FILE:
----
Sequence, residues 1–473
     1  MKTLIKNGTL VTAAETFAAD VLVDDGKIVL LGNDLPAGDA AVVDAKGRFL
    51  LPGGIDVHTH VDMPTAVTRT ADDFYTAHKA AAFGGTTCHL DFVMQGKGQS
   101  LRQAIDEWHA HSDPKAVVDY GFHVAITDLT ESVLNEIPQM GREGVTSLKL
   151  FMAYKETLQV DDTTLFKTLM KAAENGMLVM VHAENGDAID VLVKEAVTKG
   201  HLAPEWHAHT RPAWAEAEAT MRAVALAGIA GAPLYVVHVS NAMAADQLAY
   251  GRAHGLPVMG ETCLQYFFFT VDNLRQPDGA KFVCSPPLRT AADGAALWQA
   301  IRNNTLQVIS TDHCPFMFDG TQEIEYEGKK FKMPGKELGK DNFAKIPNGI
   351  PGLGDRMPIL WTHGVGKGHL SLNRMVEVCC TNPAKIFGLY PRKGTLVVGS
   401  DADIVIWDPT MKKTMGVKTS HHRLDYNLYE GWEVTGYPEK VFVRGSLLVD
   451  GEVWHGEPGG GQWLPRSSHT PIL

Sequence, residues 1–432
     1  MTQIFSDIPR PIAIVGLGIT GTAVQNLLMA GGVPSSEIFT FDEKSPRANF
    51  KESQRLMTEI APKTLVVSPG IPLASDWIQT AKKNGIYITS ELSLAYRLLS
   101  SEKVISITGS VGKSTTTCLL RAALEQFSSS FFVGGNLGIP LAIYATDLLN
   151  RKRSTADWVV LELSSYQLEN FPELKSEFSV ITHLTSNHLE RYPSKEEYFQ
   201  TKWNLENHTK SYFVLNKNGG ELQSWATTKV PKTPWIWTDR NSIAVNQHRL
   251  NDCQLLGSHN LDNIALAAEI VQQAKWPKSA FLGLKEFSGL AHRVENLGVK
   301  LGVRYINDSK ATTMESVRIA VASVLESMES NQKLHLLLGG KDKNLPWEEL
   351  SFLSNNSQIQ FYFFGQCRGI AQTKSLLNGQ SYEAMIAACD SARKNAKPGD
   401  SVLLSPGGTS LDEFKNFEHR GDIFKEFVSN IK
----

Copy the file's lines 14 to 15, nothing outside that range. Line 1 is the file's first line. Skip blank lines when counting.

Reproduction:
    51  KESQRLMTEI APKTLVVSPG IPLASDWIQT AKKNGIYITS ELSLAYRLLS
   101  SEKVISITGS VGKSTTTCLL RAALEQFSSS FFVGGNLGIP LAIYATDLLN